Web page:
Letting Mortgage Go Delinquent To Qualify For Short Sale Damages Credit

In order to qualify for a “short sale,” in which the lender agrees for the house to be sold for less than the remaining amount owed and takes a loss, the lender sometimes requires the homeowner to be several months delinquent on their mortgage payments. But while getting out of a house you can’t afford can be a good idea, bear in mind that the delinquency will stain your credit report.

As Experian’s “Ask Max” explains,

The late mortgage payments will remain for seven years from the date they first became late. The further in the past the late payments occurred, the less impact they will have on credit scores. As the delinquencies become further in the past, your credit scores should improve, assuming you have kept all of your other payments current.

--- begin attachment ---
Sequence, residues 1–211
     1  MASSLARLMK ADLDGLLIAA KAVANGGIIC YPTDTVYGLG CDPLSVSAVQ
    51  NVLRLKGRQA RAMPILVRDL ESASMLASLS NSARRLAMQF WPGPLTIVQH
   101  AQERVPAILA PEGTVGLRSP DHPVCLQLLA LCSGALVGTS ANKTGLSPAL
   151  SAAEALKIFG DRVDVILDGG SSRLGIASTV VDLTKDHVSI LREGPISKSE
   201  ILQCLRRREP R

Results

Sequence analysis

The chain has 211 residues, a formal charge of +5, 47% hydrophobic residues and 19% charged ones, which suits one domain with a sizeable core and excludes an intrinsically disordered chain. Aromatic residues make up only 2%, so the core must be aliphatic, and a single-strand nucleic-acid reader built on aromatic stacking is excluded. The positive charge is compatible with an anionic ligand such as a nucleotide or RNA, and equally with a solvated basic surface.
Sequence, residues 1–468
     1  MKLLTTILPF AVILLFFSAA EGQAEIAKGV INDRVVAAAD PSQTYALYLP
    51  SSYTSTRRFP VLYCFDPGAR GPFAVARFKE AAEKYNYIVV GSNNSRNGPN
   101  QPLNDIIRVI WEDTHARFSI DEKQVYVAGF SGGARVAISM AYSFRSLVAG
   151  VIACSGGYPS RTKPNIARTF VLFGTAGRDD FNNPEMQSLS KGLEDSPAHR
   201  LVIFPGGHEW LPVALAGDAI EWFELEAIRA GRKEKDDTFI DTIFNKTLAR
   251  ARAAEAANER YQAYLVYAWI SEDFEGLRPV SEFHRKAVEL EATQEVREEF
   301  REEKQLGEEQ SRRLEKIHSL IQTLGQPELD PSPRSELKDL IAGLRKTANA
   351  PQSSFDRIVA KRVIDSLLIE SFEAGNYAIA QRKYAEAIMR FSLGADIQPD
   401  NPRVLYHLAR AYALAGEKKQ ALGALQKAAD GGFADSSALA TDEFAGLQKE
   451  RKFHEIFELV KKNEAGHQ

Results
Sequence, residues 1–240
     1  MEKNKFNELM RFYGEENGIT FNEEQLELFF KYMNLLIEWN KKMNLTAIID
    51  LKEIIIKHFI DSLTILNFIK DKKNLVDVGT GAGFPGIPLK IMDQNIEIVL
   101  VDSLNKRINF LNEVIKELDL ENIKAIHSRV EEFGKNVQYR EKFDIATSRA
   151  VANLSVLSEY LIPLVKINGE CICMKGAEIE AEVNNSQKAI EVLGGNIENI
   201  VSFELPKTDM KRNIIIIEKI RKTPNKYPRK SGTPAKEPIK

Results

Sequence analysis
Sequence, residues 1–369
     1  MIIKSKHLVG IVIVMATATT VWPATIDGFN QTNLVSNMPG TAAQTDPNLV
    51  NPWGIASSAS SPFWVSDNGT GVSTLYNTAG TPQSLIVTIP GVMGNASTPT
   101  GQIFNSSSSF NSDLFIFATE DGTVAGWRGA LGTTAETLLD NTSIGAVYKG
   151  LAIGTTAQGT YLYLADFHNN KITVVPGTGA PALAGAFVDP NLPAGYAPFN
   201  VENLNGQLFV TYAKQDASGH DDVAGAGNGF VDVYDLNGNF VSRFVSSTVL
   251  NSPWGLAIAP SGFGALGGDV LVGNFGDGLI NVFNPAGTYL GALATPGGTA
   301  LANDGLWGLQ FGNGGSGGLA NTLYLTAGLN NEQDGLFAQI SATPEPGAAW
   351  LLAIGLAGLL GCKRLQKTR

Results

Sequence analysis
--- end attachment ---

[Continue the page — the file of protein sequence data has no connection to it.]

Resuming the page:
So while a short sale might keep you from losing your shorts, you will have to deal with that derogatory item riding up in your credit report for the next few years. Even still, it can be worth it. Worse than a few late payments on your credit report? A foreclosure.

Impact of allowing mortgage to go delinquent to qualify for short sale [Experian]

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